“The best wines are the ones we drink with friends.”
Last evening we were invited to join our fun-loving friends Bernie and Sophie Weinzimmer for an evening of wine tasting and music by “One Country,” acoustic country band at the award winning Savannah Chanelle Vineyards in the Santa Cruz Mountains.
The irony that the name Weinzimmer, in German means, “wine cellar,” wasn’t lost on me. Equally ironic is my name, Dennis originates from the Greco-Roman name Dionysius, the god of ecstatic states, particularly produced by wine.
Speaking of names, the winery is named after owner’s, Mike and Kellie Ballard’s daughters—Savannah and Chanelle. Besides the Shangra La setting, the staff is helpful and friendly, the wine is delightful— prices of which are moderately priced. There are chairs and tables to enjoy wine and snacks. Collectively, we brought smoked trout, vegetarian rice rolls, fresh avocado dip, chips, and fresh cut melon.
The wine tasting room is located inside a very charming 100-year old barn. My favorite was the Cabernet Franc. The other two parts of the winery are the upper area with large white chairs with bright red umbrellas that overlook the valley, green mountains and grape vineyards, and the lower forest and trail area. The entrance to the vineyards is through a cylindrical wooden structure reminicent of original medieval castle gates in Europe.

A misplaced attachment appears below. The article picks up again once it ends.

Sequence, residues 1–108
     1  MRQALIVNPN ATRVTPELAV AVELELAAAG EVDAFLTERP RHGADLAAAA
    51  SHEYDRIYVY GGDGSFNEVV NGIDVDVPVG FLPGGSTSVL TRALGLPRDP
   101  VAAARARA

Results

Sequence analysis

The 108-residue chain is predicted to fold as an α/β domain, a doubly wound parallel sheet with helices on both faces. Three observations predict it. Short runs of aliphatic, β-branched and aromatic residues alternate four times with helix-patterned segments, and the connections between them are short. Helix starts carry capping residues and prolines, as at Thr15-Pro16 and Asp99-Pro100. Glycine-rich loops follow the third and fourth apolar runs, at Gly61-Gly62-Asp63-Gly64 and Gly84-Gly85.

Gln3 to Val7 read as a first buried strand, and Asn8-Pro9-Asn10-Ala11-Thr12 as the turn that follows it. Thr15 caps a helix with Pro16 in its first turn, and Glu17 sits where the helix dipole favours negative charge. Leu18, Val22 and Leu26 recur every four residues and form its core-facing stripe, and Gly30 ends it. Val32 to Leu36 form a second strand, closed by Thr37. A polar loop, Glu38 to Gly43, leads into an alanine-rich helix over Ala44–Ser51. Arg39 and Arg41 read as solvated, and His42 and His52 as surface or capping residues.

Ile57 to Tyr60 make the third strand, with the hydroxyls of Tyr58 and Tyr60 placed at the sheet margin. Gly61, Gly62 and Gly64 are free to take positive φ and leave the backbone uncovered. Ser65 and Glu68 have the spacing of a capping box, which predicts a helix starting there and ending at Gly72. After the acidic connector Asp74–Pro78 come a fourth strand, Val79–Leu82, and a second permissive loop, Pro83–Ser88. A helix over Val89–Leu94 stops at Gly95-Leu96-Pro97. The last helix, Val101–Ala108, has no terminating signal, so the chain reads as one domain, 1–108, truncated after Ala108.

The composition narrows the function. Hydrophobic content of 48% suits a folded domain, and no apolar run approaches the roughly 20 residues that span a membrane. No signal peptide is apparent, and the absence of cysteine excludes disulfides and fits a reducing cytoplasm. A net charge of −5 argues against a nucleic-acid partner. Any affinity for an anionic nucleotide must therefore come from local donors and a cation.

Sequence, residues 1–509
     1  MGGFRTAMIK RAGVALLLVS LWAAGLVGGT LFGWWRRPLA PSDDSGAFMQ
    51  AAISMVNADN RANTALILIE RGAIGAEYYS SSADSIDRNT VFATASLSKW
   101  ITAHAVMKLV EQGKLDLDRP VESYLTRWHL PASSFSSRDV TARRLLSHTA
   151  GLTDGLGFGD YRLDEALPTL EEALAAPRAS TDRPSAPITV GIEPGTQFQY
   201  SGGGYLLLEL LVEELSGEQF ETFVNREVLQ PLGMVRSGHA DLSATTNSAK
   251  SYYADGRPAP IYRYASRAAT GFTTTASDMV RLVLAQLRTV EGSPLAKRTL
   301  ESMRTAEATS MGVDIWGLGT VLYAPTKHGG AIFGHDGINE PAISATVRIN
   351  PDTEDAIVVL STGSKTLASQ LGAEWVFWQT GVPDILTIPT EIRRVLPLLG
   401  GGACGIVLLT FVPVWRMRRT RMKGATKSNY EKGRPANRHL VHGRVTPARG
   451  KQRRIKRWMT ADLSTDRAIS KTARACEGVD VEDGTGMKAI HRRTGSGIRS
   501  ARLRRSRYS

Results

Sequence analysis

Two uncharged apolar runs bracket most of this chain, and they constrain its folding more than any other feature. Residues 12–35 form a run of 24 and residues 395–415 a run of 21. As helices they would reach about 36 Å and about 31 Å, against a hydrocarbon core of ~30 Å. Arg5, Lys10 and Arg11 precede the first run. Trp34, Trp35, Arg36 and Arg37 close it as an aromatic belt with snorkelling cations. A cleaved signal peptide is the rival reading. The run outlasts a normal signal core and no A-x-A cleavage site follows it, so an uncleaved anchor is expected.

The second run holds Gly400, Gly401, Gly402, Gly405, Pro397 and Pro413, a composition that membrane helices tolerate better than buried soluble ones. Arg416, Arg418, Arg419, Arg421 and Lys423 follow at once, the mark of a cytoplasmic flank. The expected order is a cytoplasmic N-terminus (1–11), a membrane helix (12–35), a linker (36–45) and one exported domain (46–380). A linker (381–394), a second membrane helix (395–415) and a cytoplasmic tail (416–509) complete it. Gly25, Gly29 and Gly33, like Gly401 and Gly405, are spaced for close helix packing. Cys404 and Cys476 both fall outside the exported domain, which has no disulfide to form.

As Sophie pointed out, “I love living in an area where you can find yourself in the Redwoods within a ten minute drive from home.”
The back story of the winery, involves a French imigrant who was looking to create a new life for himself in America: Pierre Pourroy booked passage to the new world aboard the Steamship La Gascogne in January 1887 in pursuit of a dream to own his own land. Arriving at the port of New York, he then continued his arduous journey by train to California. Practically penniless, he made ends meet as a sheepherder, miner, and laborer. He was encouraged to approach fellow Frenchman Narcisse Aubry who had purchased vineyards in the Santa Cruz Mountains after being forced to flee France following the 1852 coup d’etat.
After joining Aubry’s winery, Pierre fell in love with one of Aubry's daughters, Marie Louise, and they married in 1891. Pierre’s brother joined the couple and, he too married. Together, the couples saved enough money to buy 80 acres to clear and plant their first vineyard in. After Jean Aubry died in 1899, Pierre and Marie were able to purchase the 200 acre estate. The Prohibition era all but killed their dream. Pierre reapplied and was granted a wine license in 1936, a few years after the repeal of prohibition. The war broke out in Europe and it would be decades before the wine industry would flourish again. In the 1970s, new owners with new dreams emerged but they would eventually leave to establish a winery in Santa Barbara while high technology in Silicon Valley was at its infancy.
In 1996 Kellie and Mike Ballard visited the property and felt an “immediate emotional connection” to the historic estate. They decided to buy the property and through hard work and perseverance, dedicated themselves to preserving the legacy of the historic estate first begun by Frenchmen, Aubry and Pourroy.